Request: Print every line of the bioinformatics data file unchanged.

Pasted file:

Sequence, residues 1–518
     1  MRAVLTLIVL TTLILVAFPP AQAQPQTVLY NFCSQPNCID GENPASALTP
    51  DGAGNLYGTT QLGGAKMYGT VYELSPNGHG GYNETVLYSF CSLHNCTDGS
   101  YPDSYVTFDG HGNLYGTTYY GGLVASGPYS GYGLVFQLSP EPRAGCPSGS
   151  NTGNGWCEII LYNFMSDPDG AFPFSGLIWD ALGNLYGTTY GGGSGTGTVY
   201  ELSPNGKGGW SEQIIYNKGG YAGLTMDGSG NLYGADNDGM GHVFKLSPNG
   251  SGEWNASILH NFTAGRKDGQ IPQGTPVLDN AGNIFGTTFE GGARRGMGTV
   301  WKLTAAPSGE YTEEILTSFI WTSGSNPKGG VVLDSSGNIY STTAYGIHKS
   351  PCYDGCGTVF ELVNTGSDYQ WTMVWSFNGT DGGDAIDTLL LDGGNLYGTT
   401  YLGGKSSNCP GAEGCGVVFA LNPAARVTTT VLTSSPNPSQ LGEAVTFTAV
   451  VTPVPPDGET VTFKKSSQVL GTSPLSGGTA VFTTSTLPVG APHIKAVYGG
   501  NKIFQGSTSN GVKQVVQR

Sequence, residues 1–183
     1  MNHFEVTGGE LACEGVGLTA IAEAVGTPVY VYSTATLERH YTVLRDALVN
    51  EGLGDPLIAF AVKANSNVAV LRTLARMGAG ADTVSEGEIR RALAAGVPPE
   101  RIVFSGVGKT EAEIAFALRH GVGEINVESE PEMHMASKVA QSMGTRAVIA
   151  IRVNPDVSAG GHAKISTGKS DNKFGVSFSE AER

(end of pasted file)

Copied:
Sequence, residues 1–518
     1  MRAVLTLIVL TTLILVAFPP AQAQPQTVLY NFCSQPNCID GENPASALTP
    51  DGAGNLYGTT QLGGAKMYGT VYELSPNGHG GYNETVLYSF CSLHNCTDGS
   101  YPDSYVTFDG HGNLYGTTYY GGLVASGPYS GYGLVFQLSP EPRAGCPSGS
   151  NTGNGWCEII LYNFMSDPDG AFPFSGLIWD ALGNLYGTTY GGGSGTGTVY
   201  ELSPNGKGGW SEQIIYNKGG YAGLTMDGSG NLYGADNDGM GHVFKLSPNG
   251  SGEWNASILH NFTAGRKDGQ IPQGTPVLDN AGNIFGTTFE GGARRGMGTV
   301  WKLTAAPSGE YTEEILTSFI WTSGSNPKGG VVLDSSGNIY STTAYGIHKS
   351  PCYDGCGTVF ELVNTGSDYQ WTMVWSFNGT DGGDAIDTLL LDGGNLYGTT
   401  YLGGKSSNCP GAEGCGVVFA LNPAARVTTT VLTSSPNPSQ LGEAVTFTAV
   451  VTPVPPDGET VTFKKSSQVL GTSPLSGGTA VFTTSTLPVG APHIKAVYGG
   501  NKIFQGSTSN GVKQVVQR

Sequence, residues 1–183
     1  MNHFEVTGGE LACEGVGLTA IAEAVGTPVY VYSTATLERH YTVLRDALVN
    51  EGLGDPLIAF AVKANSNVAV LRTLARMGAG ADTVSEGEIR RALAAGVPPE
   101  RIVFSGVGKT EAEIAFALRH GVGEINVESE PEMHMASKVA QSMGTRAVIA
   151  IRVNPDVSAG GHAKISTGKS DNKFGVSFSE AER